Urgent calls for the UK Government to extend (and commit to) the Renewable Heat Incentive (RHI) scheme after 2021 have been made by the Biomass Heat Works! campaign following today’s publication of a new bioenergy report (05 September 2019).
Leaders from the biomass industry, including the UK Pellet Council (UKPC) and the Wood Heat Association (WHA) which are behind the Biomass Heat Works! campaign, are urging ministers to act now and specify biomass as the most proven solution for addressing heat decarbonisation, especially in rural areas, after evidence suggests that the UK could almost triple its use of bioenergy as a heat source from 6% to 16% by 2032 and achieve net zero targets by 2050, with biomass being a major contributor.
Serious calls for an extension to the RHI scheme are now being made after the launch of the Renewable Energy Association’s (REA) ‘Bioenergy Strategy Review’ report. This would allow new renewable heat projects to be funded thereby helping the UK to meet EU targets by 2020 (12% heat source) and also its net zero emission pledge by 2050.
As yet, no other measures are tabled by Government for when the RHI closes to new applications in March 2021, and this lack of forward planning is having significant impact on the development of future projects, especially for larger scale biomass heat schemes, potential new jobs as well as creating increasing uncertainty within the wider biomass supply chain.
Biomass contributes to more than 46,000 jobs across the UK’s bioenergy sector equating to almost four times the number of people working in UK fisheries (11,700 with 2,000 of these being part-time jobs) and 14,000 more jobs than the steel industry. Given the current economic and environmental climate, biomass should, therefore, play a key role in the country’s future renewable energy mix.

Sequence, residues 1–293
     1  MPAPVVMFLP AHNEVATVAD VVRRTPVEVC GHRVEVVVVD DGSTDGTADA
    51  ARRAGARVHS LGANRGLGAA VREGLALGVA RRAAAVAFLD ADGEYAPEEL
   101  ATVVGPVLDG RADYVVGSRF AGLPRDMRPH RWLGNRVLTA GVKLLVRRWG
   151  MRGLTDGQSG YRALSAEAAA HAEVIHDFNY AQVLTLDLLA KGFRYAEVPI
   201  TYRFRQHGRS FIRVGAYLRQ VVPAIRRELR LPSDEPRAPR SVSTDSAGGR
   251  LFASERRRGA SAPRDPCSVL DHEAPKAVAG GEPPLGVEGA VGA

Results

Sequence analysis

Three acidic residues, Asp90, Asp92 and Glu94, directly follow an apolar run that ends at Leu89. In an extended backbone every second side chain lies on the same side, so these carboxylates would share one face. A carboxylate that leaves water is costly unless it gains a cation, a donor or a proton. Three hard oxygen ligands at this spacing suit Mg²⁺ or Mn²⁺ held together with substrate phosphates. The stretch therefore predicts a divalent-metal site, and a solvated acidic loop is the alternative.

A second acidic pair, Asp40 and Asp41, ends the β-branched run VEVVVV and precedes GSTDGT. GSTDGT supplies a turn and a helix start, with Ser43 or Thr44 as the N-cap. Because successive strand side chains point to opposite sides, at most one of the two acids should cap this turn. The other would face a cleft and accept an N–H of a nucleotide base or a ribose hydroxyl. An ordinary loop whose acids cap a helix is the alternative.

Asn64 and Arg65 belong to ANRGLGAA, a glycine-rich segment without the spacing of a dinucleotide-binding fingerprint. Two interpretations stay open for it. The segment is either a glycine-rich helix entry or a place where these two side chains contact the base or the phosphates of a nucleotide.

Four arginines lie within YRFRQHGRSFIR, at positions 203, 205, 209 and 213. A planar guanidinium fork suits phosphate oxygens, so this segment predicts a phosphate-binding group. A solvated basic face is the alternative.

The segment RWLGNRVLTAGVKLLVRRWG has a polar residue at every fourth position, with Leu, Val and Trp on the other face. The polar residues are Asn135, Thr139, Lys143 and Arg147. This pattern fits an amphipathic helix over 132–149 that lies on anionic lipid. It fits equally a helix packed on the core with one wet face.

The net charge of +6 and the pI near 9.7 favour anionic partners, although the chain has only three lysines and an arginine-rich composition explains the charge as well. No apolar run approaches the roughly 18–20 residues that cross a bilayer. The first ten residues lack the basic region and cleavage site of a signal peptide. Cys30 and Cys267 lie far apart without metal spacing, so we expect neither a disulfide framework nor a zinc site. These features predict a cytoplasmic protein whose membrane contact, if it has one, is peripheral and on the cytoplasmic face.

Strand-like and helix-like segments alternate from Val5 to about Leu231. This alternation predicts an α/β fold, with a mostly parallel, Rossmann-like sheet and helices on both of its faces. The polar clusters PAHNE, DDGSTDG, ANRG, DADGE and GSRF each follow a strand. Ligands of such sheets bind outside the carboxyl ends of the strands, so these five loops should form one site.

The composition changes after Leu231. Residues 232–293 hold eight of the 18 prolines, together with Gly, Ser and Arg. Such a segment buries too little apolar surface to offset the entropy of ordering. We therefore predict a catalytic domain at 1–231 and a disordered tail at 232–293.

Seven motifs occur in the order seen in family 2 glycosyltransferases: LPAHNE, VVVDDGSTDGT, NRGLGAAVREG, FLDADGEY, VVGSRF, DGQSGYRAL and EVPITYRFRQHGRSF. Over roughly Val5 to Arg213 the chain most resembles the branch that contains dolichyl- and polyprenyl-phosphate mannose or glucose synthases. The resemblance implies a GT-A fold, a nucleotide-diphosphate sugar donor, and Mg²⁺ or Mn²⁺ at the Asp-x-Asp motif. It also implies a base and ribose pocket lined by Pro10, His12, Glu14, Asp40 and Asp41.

Mark Lebus, Chair of the UK Pellet Council, explained, “Time is running out and this latest report backs our call for the Government to fully support and invest in the UK’s biomass heat industry. Ministers need to address the heat decarbonisation issue here and now, and enable the most effective, commercially ready and proven, low carbon solution, ie biomass, to play an integral role in delivering their objectives and reducing carbon emissions.
“The biomass heat industry supports circa 700+ supply chain companies and this must be protected, especially in rural communities where biomass can create a workable circular economy across farming, agriculture and forestry sectors. It is often the most viable and lowest carbon option available to businesses and households in off-gas grid areas.
“By extending the RHI, which has already demonstrated significant return on investment for successive Governments, we can maintain industry growth and momentum, create further employment stability, stimulate an extra 150MW of thermal capacity annually, and provide certainty amongst consumers as carbon pricing and fossil fuel duties take effect. The Government cannot afford to simply let this drop off a cliff edge.
“Ministers must act now and send a very strong signal to the market to discourage fossil fuel usage, encouraging the use of renewable alternatives, and a time-limited extension and open commitment to a more simplified version of the RHI would achieve that.”
Renewable heat generation increased by 11% in 2018 with almost 50% of this increase being due to biomass alone, However, in relation to decarbonising heat in other European countries and their reliance on bioheat, the UK (5.6%) is lagging way behind its counterparts including Sweden (59.5%), Finland (50.7%) and Portugal (33.8%) at a time when it has declared a climate emergency. The Biomass Heat Works! campaign is therefore urging the UK Government to build on the most successful renewable heating programme instead of abandoning it.
ENDS 05 Sept 2019
The Bioenergy Strategy, which identifies the importance of increasing deployment of biomass heat, is available here: https://www.bioenergy-strategy.com/publications
Approximately 18% of renewable heat was supported by the RHI in 2018 compared with 14% in 2017, with non-domestic heat generation supported by the scheme increasing by 32% (medium capacity biomass boilers accounting for 50%)
 Bioenergy Europe Statistical Report 2018